The organization, created in 2021, seeks to be an entry point to help people find better resources and let them know that their local PTA is beholden to inclusivity. It is a member of both the state and national PTAs, according to records.

Today, New York has several groups geared toward LGBTQ+ students. The Long Island Pride PTSA is one of the first in the state, Kyle Belokopitsky, executive director of the New York State PTA, said. 

Yet bringing about an organization that links approximately 124 school districts in the region across terrain as large as Long Island is a challenge, said Christine Pellegrino, a former state assembly member who was the founding charter member and founding vice president of the Long Island Pride PTSA.

The former teacher noted that there was opposition from some about the need for an organization focused explicitly on LGBTQ+ youth.

But the goal, she said, remains the same: “We just want to make sure that our kids are alive, that they make it, you know, through, and that they have people who will … fight for them to” be safe.

The association hosts events such as a poetry night for people of all ages. Next up is a walk at the Caleb Smith State Park Preserve so that families can meet each other. For teachers, the organization is creating resources to be better equipped to treat “students with dignity and respect,” Barnhart said.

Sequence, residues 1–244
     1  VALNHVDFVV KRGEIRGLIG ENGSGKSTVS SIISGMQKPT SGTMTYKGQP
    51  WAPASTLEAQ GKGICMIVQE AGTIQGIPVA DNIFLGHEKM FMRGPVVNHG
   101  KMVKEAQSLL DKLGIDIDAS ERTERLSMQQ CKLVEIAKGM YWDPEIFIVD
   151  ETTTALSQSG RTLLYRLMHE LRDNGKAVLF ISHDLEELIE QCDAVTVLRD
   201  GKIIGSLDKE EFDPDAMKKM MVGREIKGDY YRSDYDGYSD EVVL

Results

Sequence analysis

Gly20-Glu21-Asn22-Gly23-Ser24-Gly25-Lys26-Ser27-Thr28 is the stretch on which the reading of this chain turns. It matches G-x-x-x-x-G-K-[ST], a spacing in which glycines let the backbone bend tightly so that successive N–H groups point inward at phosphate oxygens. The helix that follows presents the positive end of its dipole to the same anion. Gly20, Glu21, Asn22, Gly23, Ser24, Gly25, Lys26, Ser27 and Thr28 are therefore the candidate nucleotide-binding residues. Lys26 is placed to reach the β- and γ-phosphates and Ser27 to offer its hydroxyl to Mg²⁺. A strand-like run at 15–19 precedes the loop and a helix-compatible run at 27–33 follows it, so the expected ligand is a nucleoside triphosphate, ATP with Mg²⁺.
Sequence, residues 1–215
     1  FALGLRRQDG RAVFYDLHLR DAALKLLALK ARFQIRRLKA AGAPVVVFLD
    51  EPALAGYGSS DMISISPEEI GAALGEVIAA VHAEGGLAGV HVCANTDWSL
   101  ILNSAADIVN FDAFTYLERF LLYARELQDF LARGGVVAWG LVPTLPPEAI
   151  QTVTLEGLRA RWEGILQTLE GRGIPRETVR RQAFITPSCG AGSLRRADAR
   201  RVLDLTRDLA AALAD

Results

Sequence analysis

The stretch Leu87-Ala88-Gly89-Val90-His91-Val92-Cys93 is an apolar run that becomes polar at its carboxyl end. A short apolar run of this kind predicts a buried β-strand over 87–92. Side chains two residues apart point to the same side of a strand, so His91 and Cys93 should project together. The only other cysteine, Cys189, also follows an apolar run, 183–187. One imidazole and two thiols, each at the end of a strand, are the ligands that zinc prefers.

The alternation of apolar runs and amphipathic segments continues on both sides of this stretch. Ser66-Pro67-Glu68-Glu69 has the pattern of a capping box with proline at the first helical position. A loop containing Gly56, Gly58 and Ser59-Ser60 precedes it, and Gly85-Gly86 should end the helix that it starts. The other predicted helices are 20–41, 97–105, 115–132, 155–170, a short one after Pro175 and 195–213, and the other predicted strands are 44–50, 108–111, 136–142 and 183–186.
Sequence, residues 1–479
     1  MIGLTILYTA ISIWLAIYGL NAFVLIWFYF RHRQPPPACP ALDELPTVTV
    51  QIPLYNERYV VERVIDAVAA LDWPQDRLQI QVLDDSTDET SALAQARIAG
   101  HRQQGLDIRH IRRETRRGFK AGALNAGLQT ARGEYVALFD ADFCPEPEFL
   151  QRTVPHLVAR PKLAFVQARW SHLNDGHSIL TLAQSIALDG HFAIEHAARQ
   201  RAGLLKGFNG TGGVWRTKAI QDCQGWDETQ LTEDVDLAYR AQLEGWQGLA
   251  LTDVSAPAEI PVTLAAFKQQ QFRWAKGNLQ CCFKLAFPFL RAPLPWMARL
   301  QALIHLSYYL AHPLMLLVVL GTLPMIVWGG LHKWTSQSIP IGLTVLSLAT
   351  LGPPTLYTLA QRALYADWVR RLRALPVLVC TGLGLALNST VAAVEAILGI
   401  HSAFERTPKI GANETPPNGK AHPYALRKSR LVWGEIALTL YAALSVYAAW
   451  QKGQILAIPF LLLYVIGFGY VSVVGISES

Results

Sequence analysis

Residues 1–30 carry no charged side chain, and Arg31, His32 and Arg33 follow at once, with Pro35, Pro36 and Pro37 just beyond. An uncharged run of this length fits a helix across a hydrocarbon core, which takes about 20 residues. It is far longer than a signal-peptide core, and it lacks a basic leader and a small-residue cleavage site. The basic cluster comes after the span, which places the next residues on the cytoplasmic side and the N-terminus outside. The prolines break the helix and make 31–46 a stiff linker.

Bullying — and the methods to address it — remains a pressing concern for members, Barnhart said. The organization encourages members to file a complaint under the state's Dignity for All Students Act, which helps ensure schools are taking harassment concerns seriously. But that can only do so much in an environment in which debate on anti-LGBTQ+ legislation can leave a child questioning their place in the world, experts said.

Coping with a climate of anti-LGBTQ+ bills

Already this year, the American Civil Liberties Union has tracked more than 520 pieces of anti-LGBTQ+ legislation in the U.S., ranging from school facility bans to drag bans.

On Long Island, there is proposed legislation in Nassau that could bar transgender females from taking part in athletics at the county’s sporting facilities, Newsday has reported. Nassau County Executive Bruce Blakeman tried to enact a similar ban through an executive order, though it was struck down by a judge. Still, the effort received support from most Long Islanders, according to a poll from Newsday/Siena College. (The poll showed that 53% supported the order, while 33% opposed it.)